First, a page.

The ACLU’s report on cannabis enforcement stated that Louisiana’s local and state governments spend $46.5 million dollars annually enforcing the prohibition of cannabis possession. That is a massive investment that could be spent on critical resource development such as education and infrastructure. Legislators know the current laws have not aligned with public opinion for many years.  The legislature has not adopted these logical policies.  Many sensible reforms come to the state House of Representatives Administration of Criminal Justice Committee only to die.

The amount of power that the Louisiana Sheriffs’ Association and the District Attorney’s Association wield cannot be underestimated. Especially in rural parishes these two elected officials often decide who is elected to House and Senate seats. Because most of these offices’ employees serve at the pleasure of the Sheriff or District Attorney with no civil service protections, they readily have the infrastructure to help elect their chosen candidate or defeat someone they do not approve of. They use these powers to make sure that the status quo is not disrupted and money from court diversion programs is secured for their own purposes and not necessarily to the benefit of the state.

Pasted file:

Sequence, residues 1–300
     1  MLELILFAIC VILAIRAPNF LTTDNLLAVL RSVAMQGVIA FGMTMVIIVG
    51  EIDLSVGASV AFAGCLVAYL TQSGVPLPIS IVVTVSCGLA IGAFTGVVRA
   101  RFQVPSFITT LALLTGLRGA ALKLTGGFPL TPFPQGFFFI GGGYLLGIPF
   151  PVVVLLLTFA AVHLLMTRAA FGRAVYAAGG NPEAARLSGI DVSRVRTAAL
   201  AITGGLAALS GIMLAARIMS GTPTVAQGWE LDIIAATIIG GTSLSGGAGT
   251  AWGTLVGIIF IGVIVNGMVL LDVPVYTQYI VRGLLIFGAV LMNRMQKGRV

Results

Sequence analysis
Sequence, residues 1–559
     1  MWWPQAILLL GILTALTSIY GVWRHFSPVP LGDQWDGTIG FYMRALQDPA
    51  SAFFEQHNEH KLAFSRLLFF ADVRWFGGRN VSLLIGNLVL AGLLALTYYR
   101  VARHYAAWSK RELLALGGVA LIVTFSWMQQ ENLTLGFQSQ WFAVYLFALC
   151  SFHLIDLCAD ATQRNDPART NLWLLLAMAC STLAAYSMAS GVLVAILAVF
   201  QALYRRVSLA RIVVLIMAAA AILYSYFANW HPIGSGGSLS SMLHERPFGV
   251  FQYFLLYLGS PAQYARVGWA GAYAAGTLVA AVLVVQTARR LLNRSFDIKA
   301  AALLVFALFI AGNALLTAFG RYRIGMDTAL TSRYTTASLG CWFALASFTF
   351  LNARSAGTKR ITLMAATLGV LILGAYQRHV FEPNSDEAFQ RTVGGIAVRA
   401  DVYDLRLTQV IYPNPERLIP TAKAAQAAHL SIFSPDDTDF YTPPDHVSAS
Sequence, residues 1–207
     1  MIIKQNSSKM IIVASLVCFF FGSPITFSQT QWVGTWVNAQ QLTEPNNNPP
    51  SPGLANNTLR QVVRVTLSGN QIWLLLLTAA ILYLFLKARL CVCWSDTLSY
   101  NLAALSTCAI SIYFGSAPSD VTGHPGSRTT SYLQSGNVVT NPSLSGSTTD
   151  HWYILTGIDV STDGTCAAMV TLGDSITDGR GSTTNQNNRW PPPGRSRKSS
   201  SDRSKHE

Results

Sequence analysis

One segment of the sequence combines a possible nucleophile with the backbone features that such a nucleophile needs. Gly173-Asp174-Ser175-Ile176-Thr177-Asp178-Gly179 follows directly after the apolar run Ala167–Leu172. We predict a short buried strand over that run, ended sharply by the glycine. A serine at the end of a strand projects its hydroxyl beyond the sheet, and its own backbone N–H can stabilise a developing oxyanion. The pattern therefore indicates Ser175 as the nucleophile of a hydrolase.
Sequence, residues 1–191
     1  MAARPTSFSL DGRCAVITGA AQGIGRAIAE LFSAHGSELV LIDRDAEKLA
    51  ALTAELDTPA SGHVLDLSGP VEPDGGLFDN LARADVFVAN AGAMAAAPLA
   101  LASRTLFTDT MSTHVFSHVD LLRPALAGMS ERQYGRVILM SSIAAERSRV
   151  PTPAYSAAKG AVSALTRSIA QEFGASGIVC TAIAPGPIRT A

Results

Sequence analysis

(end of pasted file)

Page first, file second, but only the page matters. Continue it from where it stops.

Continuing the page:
Court diversion programs were originally adopted to keep people out of jail for simple drug offenses. The reality of this policy is it keeps people in the criminal justice system for long periods of time at great social, economic and familial costs to the defendant.  Often participants in these programs must pay for weekly urinalysis if not more for periods of up to two to three years. This benefits drug testing labs and often takes up valuable seats in rehabilitation programs that should be used for people coping with addiction to opioids. Many District Attorneys and Sheriffs use these diversion programs as a cash cow that they do not have to get approved by the local government in regular budget processes. These are monies that they have become dependent on.  This is especially true in times when parishes are facing budgetary shortfalls. Since a vast majority of people arrested are poor or working poor sheriffs and district attorneys do not feel that they are alienating important segments of the voting public. When following the money these organizations prove to be no exception to the rule.